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Review: Heaven For Worms (for people) at the Factory Theatre - Syd Fringe Comedy

Review By Rosie Niven

Tim Dunk was made in a laboratory by scientists. He’s still there, being experimented on. However, he’s been let out for two nights only to take on the Sydney Fringe Comedy Festival with his first solo show, Heaven For Worms (for people). If successful, he’ll be freed for good. That’s pretty high stakes for a comedy show.

Introduced by the dry and delightfully sharp Levi Meltzer as The Scientist, the audience is invited into a chaotic journey of three characters as they compete to be freed from the lab for good. Each of the characters explodes onto the stage to take the mic: the socially inept comedy lover with an obsession for comedian Pete Holmes and HBO’s Crashing, the hyper-masculine sports fan who’s convinced he’ll be the next baseball superstar, and the arrogant and self-indulged writer with a penchant for ice cream. With each individual we are introduced to, it feels as if we are witnessing elements of Dunk that he is trying to resolve within himself, and as it all comes to a peak, the lines are blurred between identities and we witness a little death (well, quite a big and dramatic death, really) of all of them on stage.

Heaven For Worms (for people) is filled with clever, niche references that really resonated with those that understood them. Unfortunately for a significant portion of the audience, what appeared to be carefully crafted jokes and commentary were lost in the chaos, or simply went above our heads. With further work on developing the clarity of characters and narrative, these references would really be given a chance to shine.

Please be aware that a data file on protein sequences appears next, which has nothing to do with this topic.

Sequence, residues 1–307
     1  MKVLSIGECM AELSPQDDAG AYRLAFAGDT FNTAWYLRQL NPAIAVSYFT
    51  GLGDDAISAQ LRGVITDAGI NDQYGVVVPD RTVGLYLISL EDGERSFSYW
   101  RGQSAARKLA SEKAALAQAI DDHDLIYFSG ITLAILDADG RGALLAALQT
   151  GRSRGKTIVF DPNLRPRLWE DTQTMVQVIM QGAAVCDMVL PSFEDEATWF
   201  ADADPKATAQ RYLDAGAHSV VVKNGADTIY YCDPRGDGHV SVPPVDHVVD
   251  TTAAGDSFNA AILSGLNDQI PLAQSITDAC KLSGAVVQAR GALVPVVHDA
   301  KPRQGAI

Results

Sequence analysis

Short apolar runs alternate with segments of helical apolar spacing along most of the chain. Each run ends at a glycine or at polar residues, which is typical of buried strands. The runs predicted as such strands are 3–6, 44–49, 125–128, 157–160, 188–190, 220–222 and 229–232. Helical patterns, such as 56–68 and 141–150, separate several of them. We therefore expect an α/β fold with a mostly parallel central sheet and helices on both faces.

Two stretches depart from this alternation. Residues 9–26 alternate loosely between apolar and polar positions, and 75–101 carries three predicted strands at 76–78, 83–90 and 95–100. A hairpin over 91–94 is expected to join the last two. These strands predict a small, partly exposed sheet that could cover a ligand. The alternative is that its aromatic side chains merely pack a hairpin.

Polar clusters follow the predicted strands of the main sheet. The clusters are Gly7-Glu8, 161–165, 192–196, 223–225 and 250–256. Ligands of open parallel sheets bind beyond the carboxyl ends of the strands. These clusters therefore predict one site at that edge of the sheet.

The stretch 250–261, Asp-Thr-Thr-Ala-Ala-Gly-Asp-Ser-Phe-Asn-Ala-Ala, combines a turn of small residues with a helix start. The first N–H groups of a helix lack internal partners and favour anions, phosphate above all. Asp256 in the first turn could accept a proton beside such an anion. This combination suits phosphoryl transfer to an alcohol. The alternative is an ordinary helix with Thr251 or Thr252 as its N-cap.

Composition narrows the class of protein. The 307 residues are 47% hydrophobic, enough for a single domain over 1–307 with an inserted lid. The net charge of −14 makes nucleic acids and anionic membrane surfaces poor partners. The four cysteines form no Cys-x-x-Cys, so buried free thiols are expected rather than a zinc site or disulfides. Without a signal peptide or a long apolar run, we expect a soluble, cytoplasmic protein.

The most disappointing part of Heaven for Worms (for people) is that there are not enough worms. In fact, there is not a single worm in this entire show. Honestly - for a show whose title revolves around these little dirt creatures, I thought I was walking into a fun yet educational stand up set about worms. I thought I would learn about the ideal worm heaven. I was disappointed. However, in place of the worms, Dunk gives us a vibrant hour of character comedy and audience interaction that keeps you on your toes at every moment, never able to predict what will come next.

This is Dunk’s first solo show, and judging by the audience response, this will not be his last. I am certain that he will only continue to come into his own, and bring creative and unique perspectives to the Sydney comedy scene. Hopefully with some extra worms next time.


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